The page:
Posts Tagged ‘Lebron James’

9.8, it’s not just the number of ounces in a Powerade bottle; it’s also the number of seconds it took for the national media to latch on to Derrick Rose as the next big thing, the second coming of Jordan and the humble superstar to captivate all our hearts.

            Let me preface this rant by stating that Derrick Rose is a great player. He deserved to win the regular season MVP award and in my opinion, will be a star in this league for years to come. His lackluster performance in the Eastern Conference Finals was a combination of tired legs from carrying the Bulls all season, and from the stifling Heat defense, specifically when LeBron James guarded him.

            It’s funny to see the reactions of prominent media members, “objectively” stating their disgust after a Bulls loss, while placing the blame on who they now claim to be an overrated Rose. So he was the greatest player since Jordan just a few months ago, but is now undeserving of his MVP trophy? Methinks there are ulterior motives at play here….

            The sad truth is Derrick Rose was unfairly crowned as savior to the thousands of non-Heat fans, all rooting against the King. He’s too young and too inexperienced to bear the weight of all this pressure, bestowed upon him by the bitter media determined to fight the “evil one” himself.

I get it. It was easy to pick this quiet kid as a sort of martyr, representing the slighted of the basketball world. He doesn’t talk trash, has the necessary skills and seems determined to do it all by himself (unlike the Big 3). Face it; he’s the perfect “anti-Lebron.” He’s the Superman to Lebron’s Lex Luthor, the Batman to James’ Joker, the Captain Am….eh, you get it.

We’re all beginning to “witness” that whether you love him or hate him, LeBron James is the best player in the NBA. He is better than Rose. He is better than Kobe. He is even better than his own teammate Wade. That pisses a lot of people off, those chugging the “Haterade.” I truly pity the MVP now that the Bulls are eliminated and the media’s fixation with him is done, his greatness forgotten, left to wallow in the emptiness of Jordan’s shadow.

The desperate media now move on to their last remaining hope against a LeBron championship, the final obstacle standing in the way of his rings: The German Larry Bird, the greatest shooter ever, the true MVP….until he loses and gets completely ripped and casted aside like his predecessors.

I feel for you, Dirk.

– Carlos Sanchez


Inspired by this article from True Hoop blogger Henry Abbott, ‘your humble narrator’ has set out to define the true meaning of ‘clutch.’

To establish a baseline for my opinions, it is important to note that I am in no way a stats guy. I tend to look past the numbers, and feel there are more compelling stories in sports outside of how many points a player scores. However, the ultimate goal of any athlete is to win, to define his or her legacy by championships, along with the ability to carry a team during ultimate hardship.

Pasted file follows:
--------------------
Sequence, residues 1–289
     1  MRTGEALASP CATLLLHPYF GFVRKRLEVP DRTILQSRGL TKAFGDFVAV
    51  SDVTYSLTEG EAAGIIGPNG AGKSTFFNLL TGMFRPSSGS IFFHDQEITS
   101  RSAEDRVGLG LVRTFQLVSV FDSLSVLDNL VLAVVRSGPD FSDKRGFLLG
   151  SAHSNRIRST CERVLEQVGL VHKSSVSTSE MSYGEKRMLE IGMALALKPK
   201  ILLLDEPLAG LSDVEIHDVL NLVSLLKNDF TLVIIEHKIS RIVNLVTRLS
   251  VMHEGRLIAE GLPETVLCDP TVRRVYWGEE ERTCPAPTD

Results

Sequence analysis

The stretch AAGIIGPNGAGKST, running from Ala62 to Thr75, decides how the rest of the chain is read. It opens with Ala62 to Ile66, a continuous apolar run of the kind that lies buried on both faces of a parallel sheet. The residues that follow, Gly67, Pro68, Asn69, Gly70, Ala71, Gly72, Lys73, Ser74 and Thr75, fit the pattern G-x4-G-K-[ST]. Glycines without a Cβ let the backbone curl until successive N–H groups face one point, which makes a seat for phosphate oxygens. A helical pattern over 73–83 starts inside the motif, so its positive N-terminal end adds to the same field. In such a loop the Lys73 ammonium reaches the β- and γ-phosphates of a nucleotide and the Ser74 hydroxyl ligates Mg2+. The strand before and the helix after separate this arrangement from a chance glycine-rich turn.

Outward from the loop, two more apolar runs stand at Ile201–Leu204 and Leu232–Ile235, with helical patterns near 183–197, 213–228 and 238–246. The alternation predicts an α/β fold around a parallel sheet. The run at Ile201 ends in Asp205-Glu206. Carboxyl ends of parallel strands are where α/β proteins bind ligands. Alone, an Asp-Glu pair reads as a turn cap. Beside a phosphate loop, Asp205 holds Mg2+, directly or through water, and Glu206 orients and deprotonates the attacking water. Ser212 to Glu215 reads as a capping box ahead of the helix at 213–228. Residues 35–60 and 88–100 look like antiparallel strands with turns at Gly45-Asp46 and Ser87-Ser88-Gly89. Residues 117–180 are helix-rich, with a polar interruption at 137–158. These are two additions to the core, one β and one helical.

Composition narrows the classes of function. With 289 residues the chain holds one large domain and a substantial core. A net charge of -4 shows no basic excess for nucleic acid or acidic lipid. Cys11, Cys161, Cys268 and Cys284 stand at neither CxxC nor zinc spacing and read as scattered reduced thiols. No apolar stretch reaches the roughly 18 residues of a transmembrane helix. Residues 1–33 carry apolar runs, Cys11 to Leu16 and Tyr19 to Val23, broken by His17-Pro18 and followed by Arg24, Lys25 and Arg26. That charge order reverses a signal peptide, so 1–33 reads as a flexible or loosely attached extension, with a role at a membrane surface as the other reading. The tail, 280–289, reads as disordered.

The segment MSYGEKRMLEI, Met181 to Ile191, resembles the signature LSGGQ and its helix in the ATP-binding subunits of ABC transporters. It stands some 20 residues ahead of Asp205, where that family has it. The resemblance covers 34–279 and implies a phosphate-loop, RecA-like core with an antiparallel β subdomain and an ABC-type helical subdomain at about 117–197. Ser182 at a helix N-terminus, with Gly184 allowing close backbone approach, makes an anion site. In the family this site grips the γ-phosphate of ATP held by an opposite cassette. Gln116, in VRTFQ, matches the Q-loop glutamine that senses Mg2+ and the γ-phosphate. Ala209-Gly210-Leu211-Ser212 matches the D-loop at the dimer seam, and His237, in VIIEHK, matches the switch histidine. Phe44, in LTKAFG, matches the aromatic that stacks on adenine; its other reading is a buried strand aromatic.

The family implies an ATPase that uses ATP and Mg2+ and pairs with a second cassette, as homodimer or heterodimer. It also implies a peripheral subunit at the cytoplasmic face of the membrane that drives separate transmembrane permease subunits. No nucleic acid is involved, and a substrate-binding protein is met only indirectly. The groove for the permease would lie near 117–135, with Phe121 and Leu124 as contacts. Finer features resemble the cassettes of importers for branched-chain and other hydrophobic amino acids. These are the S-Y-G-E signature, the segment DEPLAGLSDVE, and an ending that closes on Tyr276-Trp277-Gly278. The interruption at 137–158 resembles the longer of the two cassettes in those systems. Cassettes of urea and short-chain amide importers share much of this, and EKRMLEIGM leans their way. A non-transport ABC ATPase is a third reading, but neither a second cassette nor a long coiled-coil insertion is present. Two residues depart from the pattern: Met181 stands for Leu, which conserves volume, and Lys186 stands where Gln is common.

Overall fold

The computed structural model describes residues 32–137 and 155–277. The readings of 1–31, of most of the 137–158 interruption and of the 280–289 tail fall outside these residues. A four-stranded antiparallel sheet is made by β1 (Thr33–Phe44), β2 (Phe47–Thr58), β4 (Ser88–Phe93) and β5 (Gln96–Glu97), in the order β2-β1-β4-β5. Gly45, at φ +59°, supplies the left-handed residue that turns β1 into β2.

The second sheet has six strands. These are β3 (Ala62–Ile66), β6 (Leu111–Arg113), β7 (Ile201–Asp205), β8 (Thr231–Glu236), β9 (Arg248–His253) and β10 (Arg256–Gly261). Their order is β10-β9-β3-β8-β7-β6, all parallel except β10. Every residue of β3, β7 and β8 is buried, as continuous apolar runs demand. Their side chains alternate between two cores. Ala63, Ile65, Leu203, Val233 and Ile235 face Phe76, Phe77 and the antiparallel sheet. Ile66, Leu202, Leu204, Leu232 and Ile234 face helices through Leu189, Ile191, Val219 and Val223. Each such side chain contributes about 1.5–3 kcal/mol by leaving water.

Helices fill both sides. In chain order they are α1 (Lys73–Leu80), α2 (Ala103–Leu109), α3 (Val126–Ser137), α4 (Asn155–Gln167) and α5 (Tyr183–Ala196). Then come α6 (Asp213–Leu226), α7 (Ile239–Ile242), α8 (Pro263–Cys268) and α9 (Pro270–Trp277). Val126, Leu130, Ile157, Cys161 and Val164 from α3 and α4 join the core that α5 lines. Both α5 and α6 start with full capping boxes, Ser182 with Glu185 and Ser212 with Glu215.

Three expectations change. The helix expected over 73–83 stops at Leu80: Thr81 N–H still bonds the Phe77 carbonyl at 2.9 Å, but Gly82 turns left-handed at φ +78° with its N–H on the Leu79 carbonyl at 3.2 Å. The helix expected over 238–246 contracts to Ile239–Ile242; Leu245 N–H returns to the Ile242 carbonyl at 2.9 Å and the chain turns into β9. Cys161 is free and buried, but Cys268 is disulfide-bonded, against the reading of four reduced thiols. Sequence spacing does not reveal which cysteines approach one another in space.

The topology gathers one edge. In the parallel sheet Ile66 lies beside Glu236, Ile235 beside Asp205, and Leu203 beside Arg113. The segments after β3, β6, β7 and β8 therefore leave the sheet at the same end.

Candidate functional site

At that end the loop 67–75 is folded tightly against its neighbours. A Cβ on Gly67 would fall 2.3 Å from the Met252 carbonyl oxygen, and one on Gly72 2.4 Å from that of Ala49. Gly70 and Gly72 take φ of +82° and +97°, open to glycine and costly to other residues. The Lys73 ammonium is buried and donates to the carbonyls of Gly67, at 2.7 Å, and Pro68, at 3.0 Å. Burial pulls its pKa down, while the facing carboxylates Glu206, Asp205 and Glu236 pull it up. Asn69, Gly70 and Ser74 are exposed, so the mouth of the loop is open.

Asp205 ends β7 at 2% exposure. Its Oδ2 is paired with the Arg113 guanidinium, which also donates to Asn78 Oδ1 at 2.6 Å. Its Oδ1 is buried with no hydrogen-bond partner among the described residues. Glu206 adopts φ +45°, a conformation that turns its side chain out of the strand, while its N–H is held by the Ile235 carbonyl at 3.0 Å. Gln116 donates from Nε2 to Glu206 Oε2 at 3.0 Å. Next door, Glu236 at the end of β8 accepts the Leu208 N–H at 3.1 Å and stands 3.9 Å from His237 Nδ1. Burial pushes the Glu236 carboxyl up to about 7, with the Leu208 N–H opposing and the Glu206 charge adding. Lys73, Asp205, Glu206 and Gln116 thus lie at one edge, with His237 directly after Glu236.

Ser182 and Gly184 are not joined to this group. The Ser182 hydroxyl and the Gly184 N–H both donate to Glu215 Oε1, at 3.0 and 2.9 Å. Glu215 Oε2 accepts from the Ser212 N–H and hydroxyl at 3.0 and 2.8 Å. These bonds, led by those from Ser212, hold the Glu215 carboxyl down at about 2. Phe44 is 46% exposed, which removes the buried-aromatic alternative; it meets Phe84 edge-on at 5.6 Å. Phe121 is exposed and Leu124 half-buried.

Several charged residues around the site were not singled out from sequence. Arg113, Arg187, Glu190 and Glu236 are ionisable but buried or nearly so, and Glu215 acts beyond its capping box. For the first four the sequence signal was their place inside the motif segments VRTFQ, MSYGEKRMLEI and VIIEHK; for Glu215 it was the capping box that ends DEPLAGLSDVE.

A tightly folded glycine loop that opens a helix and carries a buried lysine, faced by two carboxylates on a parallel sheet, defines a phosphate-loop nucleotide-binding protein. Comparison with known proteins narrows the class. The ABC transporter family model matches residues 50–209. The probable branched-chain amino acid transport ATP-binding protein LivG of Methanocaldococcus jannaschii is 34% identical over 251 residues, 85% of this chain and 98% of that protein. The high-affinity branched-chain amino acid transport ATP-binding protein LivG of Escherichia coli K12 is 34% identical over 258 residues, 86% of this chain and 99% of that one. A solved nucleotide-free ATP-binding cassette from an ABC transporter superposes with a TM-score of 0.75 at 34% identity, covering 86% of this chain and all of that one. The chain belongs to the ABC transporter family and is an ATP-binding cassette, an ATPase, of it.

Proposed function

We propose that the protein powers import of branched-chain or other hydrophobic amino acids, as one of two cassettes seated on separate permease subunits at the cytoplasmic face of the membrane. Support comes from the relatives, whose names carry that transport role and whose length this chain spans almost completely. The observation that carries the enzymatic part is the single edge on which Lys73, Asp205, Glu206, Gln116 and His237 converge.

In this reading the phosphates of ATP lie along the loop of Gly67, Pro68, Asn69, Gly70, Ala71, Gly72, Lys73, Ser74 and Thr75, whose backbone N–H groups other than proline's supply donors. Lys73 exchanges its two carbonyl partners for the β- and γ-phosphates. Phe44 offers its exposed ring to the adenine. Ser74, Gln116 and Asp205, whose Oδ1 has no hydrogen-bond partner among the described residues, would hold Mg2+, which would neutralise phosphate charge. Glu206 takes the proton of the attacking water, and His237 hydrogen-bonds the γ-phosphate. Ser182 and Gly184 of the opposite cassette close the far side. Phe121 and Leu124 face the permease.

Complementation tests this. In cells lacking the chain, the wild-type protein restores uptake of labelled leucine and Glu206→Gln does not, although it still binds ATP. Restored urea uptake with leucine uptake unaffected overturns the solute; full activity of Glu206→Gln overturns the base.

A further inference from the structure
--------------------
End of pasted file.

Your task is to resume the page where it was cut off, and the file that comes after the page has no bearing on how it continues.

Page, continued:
Based on these leadership qualities, my interpretation of clutch players would be those who most efficiently put their team in the greatest position to win. Simple? Yes. Easily accepted among fans? Not so much. I’ve never understood the obsession, among fans and even media members, with the so-called ‘it factor.’ This non-existent will to persevere, to never accept losing and to emotionally push a team to victory, just doesn’t seem realistic to me. Call me a skeptic, but don’t all players want to win? Isn’t the goal to play at the highest level possible regardless of game magnitude?

Kobe Bryant is constantly lauded for having an “assassin” mentality, fortitude far greater than most of the league, which enables him to take over in last second situations when his team desperately needs a score. Based on the stats, and more importantly my own eyesight, I refuse to believe that someone with his type of game should ever be considered as “clutch.” When the vast majority of the team’s final shots are being taken—and missed—by him, he’s far from being a good captain and trying to ensure the best opportunity for victory.

The smart basketball move for all “superstars” should be to draw the defense in, look for an open teammate, and attempt the shot with greatest odds. The smart basketball move takes the glory and ego away from said stars, and certainly does not drive jersey sales. The smart basketball move doesn’t provide us with an epic television moment, but it does win games. Shouldn’t that count the most when it comes to a player’s legacy? Well it certainly does not, and if you weren’t already aware of that, just ask LeBron James and his “large-testicle” friend.

– Carlos Sanchez

Everyone in the country, outside of the residents in Miami and a small population about 40 miles south of Cleveland, hates LeBron James. We get it. He’s the villain. He’s the one kicking the Cavs while they’re down (see: Lakers beat down of D-League team). While the King wills his current team to utter dominance, bathes in money and beautiful women, and kicks back in the only state NOT to be knee-deep in snow, faithful “Ohioans” are made to suffer in mediocrity.

The new (not AARP members) “Big 3” gets the most crap for planning all of this, for deciding – in advanced – to become free agents in the same summer, and for essentially, firmly grabbing the entire league by its tiny testicles. But how is what Carmelo Anthony is currently doing not infinitely more selfish? And more importantly, why are fans not expressing their “insightful” opinions on this issue?